Owners of the new Ford Focus Electric won't have to worry about going out to warm up the car before driving on a winter's day, the car will warm up its battery pack automatically if left plugged in.
Ford announced Thursday its Focus Electric, due out next year in the U.S., will contain a lithium ion battery pack with a liquid-based thermal management system.
In addition to keeping the car's battery within a preferred temperature range while engaged, the system also kicks in to cool or warm the car's battery pack as needed while it's plugged in for a charge.
The closed loop system reacts to external temperatures and the battery pack's temperature, then heats or chills the car's battery coolant accordingly before circulating it through the battery pack. On a cold day, the system heats the liquid then pumps it through the battery pack's cooling channels to warm up the battery. On a hot day, the coolant is chilled then circulated through the same system, but in this instance absorbs battery heat and then disperses it through a radiator.
When plugged in to charge, the Focus Electric will always first check its battery pack's temperature, according to Ford. The company explained earlier this month that both the Focus Electric and Transit Connect Electric will have a sensor system using Internet and wireless technology to collect real-time performance data on the car and monitor its battery.
If on a winter's night a traveler, for example, plugs in the Focus Electric to charge and the battery pack is too cold to optimally accept a charge, the car will not engage in charging mode. It will instead have the liquid thermal system warm the battery up to an optimal temperature, then allow the charging to begin. It will then continue to maintain its battery pack's temperature as needed throughout the charging.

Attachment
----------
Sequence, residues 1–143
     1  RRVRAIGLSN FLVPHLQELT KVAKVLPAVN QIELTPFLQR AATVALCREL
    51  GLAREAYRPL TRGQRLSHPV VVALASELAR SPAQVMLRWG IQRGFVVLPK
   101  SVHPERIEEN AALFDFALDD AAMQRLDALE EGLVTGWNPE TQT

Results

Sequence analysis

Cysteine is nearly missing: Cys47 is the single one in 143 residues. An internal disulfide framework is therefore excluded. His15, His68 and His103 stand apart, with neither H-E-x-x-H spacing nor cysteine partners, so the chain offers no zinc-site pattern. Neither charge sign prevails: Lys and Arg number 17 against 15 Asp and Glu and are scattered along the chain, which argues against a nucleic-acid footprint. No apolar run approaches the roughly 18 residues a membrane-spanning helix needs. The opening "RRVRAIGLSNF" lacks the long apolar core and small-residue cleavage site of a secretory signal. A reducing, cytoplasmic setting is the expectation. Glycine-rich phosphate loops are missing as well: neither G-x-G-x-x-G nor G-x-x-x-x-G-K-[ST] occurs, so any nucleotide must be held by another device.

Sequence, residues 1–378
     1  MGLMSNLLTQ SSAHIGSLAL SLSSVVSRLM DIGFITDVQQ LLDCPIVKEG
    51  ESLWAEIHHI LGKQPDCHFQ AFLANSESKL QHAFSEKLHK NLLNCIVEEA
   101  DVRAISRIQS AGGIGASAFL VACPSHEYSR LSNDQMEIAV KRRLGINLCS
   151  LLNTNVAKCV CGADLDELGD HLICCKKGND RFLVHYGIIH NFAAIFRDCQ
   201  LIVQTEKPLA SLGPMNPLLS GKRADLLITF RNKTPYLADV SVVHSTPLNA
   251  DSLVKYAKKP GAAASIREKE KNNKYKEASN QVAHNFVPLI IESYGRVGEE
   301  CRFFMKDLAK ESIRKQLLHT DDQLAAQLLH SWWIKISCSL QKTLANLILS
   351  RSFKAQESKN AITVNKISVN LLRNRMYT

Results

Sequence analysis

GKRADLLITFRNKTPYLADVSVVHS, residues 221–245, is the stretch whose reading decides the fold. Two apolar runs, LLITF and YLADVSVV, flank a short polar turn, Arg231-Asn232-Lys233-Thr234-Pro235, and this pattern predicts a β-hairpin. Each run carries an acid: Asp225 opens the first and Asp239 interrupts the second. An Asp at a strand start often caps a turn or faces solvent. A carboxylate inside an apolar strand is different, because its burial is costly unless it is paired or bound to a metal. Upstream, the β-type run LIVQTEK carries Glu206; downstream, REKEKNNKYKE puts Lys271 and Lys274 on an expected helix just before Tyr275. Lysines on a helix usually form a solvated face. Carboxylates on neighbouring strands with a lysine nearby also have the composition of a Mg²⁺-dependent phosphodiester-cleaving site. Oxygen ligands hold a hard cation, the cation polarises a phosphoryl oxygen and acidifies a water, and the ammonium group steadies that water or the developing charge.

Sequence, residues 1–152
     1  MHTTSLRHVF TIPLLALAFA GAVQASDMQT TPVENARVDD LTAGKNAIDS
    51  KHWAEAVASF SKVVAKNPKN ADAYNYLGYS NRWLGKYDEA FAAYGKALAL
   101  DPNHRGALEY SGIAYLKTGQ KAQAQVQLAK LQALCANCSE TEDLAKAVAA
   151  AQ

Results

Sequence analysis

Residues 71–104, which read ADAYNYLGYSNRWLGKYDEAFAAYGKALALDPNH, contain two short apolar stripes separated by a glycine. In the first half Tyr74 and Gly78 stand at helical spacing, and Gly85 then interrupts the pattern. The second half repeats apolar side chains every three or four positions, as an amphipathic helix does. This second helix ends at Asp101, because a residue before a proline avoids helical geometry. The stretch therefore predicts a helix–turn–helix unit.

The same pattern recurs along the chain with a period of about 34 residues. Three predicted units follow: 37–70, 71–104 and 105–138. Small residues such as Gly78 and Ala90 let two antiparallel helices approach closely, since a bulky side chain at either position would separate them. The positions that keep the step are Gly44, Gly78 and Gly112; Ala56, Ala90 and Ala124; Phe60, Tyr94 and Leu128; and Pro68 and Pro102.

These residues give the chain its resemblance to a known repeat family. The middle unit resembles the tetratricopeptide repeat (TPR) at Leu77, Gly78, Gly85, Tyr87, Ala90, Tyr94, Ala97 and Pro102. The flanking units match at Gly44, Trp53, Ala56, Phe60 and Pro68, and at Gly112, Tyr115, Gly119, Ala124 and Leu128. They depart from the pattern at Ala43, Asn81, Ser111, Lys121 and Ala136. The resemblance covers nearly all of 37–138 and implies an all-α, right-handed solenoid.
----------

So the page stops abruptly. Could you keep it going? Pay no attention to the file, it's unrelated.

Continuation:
Ford calls this preconditioning the battery, a step it says is crucial in maximizing a battery's efficiency and range, as well as elongating the overall battery life.
The lithium ion batteries for the Focus Electric will be made by Compact Power, a subsidiary of LG Chem, Ford announced in July.
While the technology is undoubtedly innovative, Ford is not alone in its choice to use a liquid thermal management system to maintain battery pack temperature. General Motors, which is using batteries supplied by LG Chem in South Korea for the Chevy Volt, also chose to use a liquid heating and cooling system for the battery pack. Tesla has also said it's using a liquid-based cooling system for its electric car battery packs.
Nissan, meanwhile, has said it uses an air-cooling system for the battery pack in its all-electric Nissan Leaf. The method of battery cooling was publicly criticized by Tesla's Elon Musk as "primitive," though some have questioned the validity of Musk's Nissan "trash talk."
The all-electric Focus Electric, which will be built in Ford's Wayne, Mich., assembly plant, will have a range of about 100 miles per charge. It is expected to be available to U.S. consumers in late 2011, and to European consumers in 2012.